• econobiker says:

      “Holding people and organizations accountable for secondary liability is a very tricky business. That’s why we don’t hold baseball bat manufacturers accountable for assaults using baseball bats or Facebook accountable for stalkers”

      But we hold a person accountable for knowingly providing a baseball bat for an assault. And organizations are now “persons” so knowingly providing the transfer method for known scams should be illegal.

  12. sirwired says:

    Western Union is under no obligation to protect the gullible from themselves.

    The majority of their business is not, in fact, scammers; it is immigrants sending money home to their families. This business would only be hurt by expensive, cumbersome, security measures, which are not necessary to serve that primary market.

    And in any case, what good would a thumbprint do? If it’s going to a country without a centralized fingerprint database, what would you do with it?

  13. prag2 says:

    This would risk alienating the majority of their customer base.

  14. TheMansfieldMauler says:

    The man knew the e-mail was bogus, but played along for a bit so that he could provide enough information to Western Union in the hopes that it would be able to set up a sting and na[b] the scammer.

    Everyone thinks they live in a Hawaii 5-0 episode these days. And the new version of Hawaii 5-0 no less, where magic computers show you real-time high res pictures from freely controllable satellites.

  15. KommonCentz says:

    I don’t think that the burden of protecting people from their own stupidity should be placed on Western Union. Seriously – people should be responsible for their own behavior. This isn’t a strong arm robbery where people don’t have a choice but to give money. If you are dumb enough to send money to strangers, you deserve what you get.
    I can’t wait for the first article to appear how someone with a Legitimate reason to send money gets denied by western unions new enhanced fraud protection….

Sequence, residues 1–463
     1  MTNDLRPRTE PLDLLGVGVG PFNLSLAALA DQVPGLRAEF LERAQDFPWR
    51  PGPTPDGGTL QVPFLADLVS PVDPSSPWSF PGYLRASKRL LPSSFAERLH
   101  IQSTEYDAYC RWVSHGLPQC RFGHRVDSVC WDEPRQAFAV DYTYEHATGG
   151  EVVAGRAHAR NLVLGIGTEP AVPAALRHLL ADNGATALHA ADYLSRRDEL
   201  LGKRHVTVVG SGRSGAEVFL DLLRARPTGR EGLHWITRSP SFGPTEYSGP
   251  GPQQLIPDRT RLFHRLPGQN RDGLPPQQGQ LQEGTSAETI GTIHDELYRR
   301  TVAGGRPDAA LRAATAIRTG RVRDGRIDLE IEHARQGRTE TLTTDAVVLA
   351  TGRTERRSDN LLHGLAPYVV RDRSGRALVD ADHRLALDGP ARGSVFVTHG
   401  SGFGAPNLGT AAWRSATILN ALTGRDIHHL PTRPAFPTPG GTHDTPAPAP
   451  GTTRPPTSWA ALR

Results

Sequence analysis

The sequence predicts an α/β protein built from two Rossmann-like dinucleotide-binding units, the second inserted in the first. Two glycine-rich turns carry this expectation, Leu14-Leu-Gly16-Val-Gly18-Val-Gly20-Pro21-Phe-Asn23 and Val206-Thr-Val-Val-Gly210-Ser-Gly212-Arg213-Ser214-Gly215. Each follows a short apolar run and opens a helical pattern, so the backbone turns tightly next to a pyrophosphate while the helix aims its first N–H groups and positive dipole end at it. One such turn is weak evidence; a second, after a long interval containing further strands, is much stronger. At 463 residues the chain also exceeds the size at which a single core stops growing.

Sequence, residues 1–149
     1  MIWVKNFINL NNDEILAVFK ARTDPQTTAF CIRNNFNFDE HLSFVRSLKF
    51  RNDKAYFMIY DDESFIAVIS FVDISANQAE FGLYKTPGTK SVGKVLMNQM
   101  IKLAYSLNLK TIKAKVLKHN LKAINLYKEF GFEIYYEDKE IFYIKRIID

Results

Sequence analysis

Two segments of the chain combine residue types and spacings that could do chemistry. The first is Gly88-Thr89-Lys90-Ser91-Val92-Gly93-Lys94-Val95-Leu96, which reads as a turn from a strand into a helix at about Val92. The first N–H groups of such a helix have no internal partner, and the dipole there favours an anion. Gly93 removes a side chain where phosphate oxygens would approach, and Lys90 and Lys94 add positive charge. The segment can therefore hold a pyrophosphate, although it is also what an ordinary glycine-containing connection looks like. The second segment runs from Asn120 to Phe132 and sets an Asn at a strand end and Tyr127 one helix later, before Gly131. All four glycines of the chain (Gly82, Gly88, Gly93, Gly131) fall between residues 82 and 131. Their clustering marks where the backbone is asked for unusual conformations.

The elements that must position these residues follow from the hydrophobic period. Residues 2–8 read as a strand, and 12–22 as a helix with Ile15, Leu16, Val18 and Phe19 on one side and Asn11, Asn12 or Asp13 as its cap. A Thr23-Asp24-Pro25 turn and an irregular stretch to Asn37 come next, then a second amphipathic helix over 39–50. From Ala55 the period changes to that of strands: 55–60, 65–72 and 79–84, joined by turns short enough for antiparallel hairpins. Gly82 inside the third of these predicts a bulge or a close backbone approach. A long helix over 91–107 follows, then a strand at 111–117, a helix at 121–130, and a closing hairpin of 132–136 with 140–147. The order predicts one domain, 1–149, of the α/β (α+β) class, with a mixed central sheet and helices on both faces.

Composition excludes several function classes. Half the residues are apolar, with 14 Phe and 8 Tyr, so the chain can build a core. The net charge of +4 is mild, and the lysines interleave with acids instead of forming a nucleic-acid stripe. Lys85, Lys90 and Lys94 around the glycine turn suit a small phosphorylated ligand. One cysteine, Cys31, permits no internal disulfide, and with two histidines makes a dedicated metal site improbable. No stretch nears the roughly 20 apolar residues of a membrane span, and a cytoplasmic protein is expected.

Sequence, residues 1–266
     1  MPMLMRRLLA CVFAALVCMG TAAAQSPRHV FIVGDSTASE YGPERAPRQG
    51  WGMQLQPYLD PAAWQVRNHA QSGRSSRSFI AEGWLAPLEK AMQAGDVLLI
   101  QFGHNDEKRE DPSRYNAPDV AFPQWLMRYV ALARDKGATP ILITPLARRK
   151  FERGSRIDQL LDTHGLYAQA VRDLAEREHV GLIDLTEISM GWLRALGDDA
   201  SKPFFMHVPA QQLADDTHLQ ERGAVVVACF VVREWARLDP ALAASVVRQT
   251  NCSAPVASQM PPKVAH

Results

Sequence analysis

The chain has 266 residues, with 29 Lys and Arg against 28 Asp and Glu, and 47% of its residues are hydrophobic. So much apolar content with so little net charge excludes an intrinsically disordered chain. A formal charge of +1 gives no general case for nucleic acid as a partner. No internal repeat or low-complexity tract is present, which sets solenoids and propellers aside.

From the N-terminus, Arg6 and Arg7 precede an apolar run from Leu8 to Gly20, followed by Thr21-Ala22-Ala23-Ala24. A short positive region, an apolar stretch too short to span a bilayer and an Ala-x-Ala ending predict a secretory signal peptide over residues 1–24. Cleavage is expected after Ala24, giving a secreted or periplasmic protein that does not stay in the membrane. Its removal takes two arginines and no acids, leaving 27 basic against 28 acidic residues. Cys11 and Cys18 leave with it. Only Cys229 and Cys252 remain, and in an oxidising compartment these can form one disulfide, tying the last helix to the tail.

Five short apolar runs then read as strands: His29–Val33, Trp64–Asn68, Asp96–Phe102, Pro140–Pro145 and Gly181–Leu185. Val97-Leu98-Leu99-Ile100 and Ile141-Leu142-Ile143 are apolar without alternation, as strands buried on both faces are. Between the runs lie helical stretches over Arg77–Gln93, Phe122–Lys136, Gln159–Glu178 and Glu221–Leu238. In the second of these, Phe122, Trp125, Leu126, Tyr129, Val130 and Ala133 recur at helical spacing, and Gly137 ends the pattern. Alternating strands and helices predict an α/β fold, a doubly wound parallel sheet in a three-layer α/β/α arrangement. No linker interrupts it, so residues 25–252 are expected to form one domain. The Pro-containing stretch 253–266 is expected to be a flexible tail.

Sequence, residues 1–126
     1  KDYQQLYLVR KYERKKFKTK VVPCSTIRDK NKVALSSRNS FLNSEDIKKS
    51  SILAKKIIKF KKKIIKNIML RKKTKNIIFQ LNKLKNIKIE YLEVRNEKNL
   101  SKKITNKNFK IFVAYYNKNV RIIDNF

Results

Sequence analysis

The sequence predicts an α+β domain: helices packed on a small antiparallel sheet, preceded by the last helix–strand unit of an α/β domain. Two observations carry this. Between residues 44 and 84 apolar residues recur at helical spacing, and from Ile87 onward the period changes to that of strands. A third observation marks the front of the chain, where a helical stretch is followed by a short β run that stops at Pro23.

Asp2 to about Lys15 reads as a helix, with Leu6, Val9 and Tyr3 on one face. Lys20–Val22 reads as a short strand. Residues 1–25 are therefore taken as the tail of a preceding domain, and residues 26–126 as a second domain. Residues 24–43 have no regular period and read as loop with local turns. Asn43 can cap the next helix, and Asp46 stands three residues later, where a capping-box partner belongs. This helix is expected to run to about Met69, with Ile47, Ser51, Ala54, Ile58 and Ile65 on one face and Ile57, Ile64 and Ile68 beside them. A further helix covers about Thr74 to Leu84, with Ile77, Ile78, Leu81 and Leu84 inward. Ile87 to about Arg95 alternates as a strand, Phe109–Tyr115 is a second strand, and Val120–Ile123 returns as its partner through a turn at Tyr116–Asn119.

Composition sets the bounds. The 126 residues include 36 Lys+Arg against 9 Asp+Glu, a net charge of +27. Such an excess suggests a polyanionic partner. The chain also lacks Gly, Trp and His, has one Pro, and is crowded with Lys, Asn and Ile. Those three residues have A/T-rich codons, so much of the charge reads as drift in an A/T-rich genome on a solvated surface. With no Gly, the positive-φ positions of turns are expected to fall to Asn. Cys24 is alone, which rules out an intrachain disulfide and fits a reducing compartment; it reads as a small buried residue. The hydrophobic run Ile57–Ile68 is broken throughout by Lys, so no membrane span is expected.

16. Nogling says:

    I’m a Western Union agent. We have two regular customers who have fallen for every Craigslist scam in the book – and no matter how much money they lose, no matter how many times we tell them that it’s a scam, the only way we were able to get them to stop was to deny them service. Which means they just bounced to the next Western Union office, and we lost out on hundreds of dollars of commission, because they’re no longer sending thousands of dollars every month.

    Western Union is not responsible for protecting people from their own stupidity. There are signs posted EVERYWHERE about not sending money to people you don’t know personally, not sending money to distressed relatives overseas until you’ve actually heard from the person in question, not sending money to pay fees on lottery/contest wins, etc etc etc – there are pamphlets, too, right next to the forms. And guess what? NO ONE FUCKING READS THEM.

    It frustrates me, especially when I’m forced to choose between a nice bonus check and protecting idiots – and my “protection” doesn’t actually help.

    The people who are taken in by scam artists will find a way to be taken in. Given the volume of fraudulent checks, fraudulent wire transfers, etc that pass through my little bulletproof glass window, I should really consider a career as a Craigslist scammer. I’m make more money.

    • Nogling says:

      And apparently I’m practicing the poor grammar already….*sigh*

      “I’d” make more money, not “I’m” make more money.

    • elangomatt says:

      I’m glad someone like you posted this. There is only so much that Western Union can do to prevent fraud. When the person sending the money is being scammed, they usually will not listen to reason. I used to be a Western Union agent too so I know what it is like. What do people expect agents to do? Deliver the Spanish inquisition to every person wanting to send money to another country? I guess requiring a photo be taken when sending and receiving money, but even that would require massive upgrades and no doubt would be a nightmare trying to figure out how that would work with the laws of each individual country.

    • mianne prays her parents outlive the TSA says:

      You could post ads on Craigslist: How to stopped getting ripped off by online scammers! – Send $100 Western Union for the secrets!

      Then just mail one of those pamphlets gathering dust on your counter to them.

      Wait a minute! I think I’ve just landed a new sca…err job… Forget I said anything–nothing to see here.